Shure BETA 87A Review – Supercardioid Condenser Microphone

Shure Beta 87A delivers a superb quality, open sound with lots of detail and clarity. It has a wide dynamic range and can handle both weak and powerful vocals without distortion. This mic is well tuned for stage performance and it easily cuts through the mix without putting strain on the singer. With a supercardioid pattern it achieves superior gain before feedback and minimum stage bleed, giving you the ability to perform on smaller and more aggressive stages when needed. The frequency response is nicely balanced and sounds natural throughout the range. Despite having a tight pattern, the proximity is well addressed giving the low range a wide sweet spot.

Condenser handheld

Unlike the majority of live mics that are dynamic, Shure Beta 87A is an electret condenser. Condenser mics typically have higher detail and clarity, though most of them can best perform only in sterile studio conditions. Shure has broken this paradigm, creating a masterpiece handheld that has been well-received by singers and even presenters. What makes this model so unique? While being highly versatile, it is considerably cheaper than professional condensers and the quality of the capsule actually exceeds user expectations. The difference is so easy to perceive that in the shadow of Beta 87, their earlier betas sound almost lame.

Sound & quality

Beta 87A compares to mid-range studio mics, except it is less ‘capricious’ and does not require any sophisticated set up. Studio mics, on the other hand would usually rely on acoustic treatment in addition to shock mounts, pop filters, windscreens, etc. Shure has put together quite a bit of technology to make this handheld a viable and reliable solution. Aside from low noise pre-amplifier and electrical stuff, the mic’s capsule has a nice internal shock protection that effectively reduces handling noise. The meshes serve as both a windscreen and an effective pop filter without sacrificing the details.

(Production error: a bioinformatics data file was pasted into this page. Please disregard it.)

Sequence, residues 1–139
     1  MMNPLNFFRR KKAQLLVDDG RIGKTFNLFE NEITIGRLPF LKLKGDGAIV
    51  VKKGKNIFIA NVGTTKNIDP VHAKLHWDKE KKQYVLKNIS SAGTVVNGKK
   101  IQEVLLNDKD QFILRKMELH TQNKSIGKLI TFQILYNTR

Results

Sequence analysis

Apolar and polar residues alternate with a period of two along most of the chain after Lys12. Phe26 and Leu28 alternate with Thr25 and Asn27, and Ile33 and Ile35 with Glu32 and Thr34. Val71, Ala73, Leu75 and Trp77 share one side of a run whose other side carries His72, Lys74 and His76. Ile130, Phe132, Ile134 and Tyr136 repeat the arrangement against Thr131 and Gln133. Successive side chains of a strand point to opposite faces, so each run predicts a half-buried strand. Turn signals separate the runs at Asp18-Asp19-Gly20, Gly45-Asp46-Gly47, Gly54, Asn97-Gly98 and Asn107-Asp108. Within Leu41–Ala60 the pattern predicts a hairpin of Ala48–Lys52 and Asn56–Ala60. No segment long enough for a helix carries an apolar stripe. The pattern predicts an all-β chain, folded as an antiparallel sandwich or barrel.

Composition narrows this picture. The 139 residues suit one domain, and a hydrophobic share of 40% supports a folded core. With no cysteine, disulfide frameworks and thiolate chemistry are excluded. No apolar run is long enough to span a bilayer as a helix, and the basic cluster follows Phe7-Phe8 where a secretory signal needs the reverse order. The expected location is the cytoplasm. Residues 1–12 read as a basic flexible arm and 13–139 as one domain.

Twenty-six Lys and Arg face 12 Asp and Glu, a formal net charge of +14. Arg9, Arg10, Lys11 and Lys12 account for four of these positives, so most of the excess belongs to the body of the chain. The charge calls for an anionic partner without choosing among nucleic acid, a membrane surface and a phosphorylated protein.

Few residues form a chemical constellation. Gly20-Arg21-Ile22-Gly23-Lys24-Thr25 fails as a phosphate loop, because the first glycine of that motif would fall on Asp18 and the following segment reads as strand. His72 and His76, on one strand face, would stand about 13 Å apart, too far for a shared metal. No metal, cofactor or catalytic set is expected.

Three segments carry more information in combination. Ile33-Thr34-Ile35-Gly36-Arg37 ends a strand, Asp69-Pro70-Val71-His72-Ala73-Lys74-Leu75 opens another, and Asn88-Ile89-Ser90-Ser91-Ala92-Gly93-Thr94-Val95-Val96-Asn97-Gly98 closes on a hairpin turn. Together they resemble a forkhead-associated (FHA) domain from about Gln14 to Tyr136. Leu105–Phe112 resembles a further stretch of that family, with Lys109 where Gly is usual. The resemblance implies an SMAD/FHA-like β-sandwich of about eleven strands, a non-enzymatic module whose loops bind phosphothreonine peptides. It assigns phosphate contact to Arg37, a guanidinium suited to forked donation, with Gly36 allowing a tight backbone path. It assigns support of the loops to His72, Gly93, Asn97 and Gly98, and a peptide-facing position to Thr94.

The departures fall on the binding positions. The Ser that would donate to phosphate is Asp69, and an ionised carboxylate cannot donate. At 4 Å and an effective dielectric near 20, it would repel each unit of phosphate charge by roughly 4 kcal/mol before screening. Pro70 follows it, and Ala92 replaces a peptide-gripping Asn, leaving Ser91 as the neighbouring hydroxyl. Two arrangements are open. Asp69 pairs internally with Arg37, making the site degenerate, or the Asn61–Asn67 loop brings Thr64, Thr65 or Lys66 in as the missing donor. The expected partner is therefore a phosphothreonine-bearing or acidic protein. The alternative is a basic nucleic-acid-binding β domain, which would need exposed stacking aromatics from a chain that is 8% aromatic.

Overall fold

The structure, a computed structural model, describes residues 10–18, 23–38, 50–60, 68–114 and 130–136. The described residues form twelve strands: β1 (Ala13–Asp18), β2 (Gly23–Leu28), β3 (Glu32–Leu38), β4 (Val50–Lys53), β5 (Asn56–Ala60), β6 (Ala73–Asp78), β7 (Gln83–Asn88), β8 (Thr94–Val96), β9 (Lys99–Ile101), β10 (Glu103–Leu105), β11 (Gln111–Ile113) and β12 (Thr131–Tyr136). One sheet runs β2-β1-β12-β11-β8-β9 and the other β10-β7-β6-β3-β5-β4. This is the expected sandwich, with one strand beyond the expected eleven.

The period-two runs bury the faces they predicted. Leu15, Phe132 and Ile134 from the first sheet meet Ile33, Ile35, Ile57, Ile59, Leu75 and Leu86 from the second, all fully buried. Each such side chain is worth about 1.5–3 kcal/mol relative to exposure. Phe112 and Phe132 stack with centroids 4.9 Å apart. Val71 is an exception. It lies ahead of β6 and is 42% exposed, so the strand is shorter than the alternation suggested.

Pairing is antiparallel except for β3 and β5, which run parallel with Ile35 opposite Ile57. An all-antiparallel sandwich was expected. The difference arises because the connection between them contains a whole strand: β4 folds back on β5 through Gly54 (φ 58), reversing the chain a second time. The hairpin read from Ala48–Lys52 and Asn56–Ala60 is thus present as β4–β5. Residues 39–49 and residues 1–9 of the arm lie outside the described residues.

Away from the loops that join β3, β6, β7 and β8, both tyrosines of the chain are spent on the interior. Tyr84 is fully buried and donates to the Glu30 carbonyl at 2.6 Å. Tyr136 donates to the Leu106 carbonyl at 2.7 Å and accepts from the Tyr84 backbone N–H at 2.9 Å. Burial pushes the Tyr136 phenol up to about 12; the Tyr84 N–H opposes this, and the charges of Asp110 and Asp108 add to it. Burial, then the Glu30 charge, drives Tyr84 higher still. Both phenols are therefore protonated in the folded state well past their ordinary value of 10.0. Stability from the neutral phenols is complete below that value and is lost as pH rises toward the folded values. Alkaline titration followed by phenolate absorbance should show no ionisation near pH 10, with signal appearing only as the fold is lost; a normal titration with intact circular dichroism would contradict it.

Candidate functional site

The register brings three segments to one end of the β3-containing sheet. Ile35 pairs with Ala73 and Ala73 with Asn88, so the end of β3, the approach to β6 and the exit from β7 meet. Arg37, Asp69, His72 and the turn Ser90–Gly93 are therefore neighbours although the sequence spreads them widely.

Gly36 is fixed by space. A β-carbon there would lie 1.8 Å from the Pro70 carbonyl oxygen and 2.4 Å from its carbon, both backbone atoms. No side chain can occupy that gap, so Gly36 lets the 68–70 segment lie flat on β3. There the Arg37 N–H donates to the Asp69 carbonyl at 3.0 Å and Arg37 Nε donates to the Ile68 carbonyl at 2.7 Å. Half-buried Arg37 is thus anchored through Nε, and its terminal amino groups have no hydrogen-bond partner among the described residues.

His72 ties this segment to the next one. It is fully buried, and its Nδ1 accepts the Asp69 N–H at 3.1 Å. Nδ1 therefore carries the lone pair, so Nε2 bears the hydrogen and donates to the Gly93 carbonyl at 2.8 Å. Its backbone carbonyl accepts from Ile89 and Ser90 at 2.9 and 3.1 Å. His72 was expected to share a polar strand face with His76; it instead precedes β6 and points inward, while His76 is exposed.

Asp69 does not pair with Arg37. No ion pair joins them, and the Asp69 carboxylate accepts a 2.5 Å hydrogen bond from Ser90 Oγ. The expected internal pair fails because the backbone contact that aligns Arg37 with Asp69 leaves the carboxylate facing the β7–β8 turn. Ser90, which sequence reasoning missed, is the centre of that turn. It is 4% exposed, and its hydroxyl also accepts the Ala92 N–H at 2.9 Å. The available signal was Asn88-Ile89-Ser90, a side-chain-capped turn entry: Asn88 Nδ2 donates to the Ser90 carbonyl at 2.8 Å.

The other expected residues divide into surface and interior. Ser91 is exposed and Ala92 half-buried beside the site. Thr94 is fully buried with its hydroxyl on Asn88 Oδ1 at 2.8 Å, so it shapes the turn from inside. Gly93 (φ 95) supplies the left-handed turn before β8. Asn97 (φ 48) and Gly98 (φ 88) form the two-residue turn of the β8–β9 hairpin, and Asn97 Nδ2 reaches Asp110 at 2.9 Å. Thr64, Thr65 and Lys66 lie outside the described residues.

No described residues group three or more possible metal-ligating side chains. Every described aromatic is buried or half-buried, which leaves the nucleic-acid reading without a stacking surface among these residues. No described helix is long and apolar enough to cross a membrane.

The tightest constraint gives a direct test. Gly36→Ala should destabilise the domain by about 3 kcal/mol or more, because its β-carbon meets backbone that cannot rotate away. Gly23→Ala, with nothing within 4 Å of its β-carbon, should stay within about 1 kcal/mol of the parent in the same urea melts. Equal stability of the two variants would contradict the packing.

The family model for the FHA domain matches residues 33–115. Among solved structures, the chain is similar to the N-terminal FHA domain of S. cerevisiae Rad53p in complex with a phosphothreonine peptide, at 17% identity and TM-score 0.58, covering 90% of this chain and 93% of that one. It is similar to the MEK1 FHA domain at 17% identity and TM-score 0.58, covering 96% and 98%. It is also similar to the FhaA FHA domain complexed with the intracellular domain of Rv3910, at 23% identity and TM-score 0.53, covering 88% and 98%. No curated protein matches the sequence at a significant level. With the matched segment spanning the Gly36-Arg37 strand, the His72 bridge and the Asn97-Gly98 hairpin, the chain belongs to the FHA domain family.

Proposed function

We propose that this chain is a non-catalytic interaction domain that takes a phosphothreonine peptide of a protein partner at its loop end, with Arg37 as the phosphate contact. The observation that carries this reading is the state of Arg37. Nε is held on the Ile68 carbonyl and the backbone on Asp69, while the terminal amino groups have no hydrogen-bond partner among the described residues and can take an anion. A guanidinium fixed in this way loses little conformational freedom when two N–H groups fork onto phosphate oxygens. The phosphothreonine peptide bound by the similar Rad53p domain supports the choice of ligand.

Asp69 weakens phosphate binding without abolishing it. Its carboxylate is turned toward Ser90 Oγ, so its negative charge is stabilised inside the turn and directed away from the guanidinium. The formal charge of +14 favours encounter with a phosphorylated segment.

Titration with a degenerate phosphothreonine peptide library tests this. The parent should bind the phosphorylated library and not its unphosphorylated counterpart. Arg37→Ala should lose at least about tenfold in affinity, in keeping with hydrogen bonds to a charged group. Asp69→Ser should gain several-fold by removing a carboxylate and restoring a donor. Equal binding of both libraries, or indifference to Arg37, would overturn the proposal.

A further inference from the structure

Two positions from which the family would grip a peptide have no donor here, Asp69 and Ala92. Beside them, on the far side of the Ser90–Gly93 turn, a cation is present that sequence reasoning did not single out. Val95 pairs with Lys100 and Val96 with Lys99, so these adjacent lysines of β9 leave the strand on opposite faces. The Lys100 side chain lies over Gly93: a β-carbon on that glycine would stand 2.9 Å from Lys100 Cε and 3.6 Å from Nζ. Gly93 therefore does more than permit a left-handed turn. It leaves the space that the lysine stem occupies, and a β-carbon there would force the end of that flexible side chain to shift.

shure-beta87aThis mic also has an important ability to work in high sound pressure environment. Rated for 140 dB, it is very unlikely to overload and we’ve yet to hear any noticeable distortions on vocals. Many other condenser mics start sounding weird at this point, including some of those in high end price range and it even rivals dynamic hendhelds. Unlike dynamics though, Beta 87 does not suffer from that characteristic muddiness, and actually opens up your voice – so it’s really cool.

This mic can also slightly enhance your voice, particularly the details, somewhat similar to a studio LDC, but not as sensitive. It’s quite bright and although I find it working for most vocals, if you sound particularly thin, you may want to lower it a little bit with EQ so it doesn’t get brittle. Other than that, you will hardly need any adjustments. The frequency response peaks at 10 kHz and culminates with some sparkle that leaves a hi-fi feel…

Shure Beta 87A vs 87C

There are actually two variations of this mic: 87A & 87C. The first one is a supercardioid and the second one is a cardioid. The latter has a bit less proximity but it’s only useful for quiet stages, or those with monitors placed in the middle. Therefore it is more logical to consider 87A, which will work best for conventional stages. And of course you will have the benefit of a tighter cancellation & better GBF. The mic uses an active electric circuit that further compensates proximity effect and prevents from overblown bass, which is common to other supercardioids.


  • Very natural sound
  • Lots of detail and clarity
  • Balanced frequency response
  • Easily cuts through the mix
  • Superior gain before feedback
  • Excellent noise reduction
  • Suitable for all voices and singing styles
  • Durable like all Shure’s microphones


  • The only con – it looks a bit ugly…

Review score
  • Outstanding! - 10/10

Leave a Comment

You may use these HTML tags and attributes: <a href="" title=""> <abbr title=""> <acronym title=""> <b> <blockquote cite=""> <cite> <code> <del datetime=""> <em> <i> <q cite=""> <strike> <strong>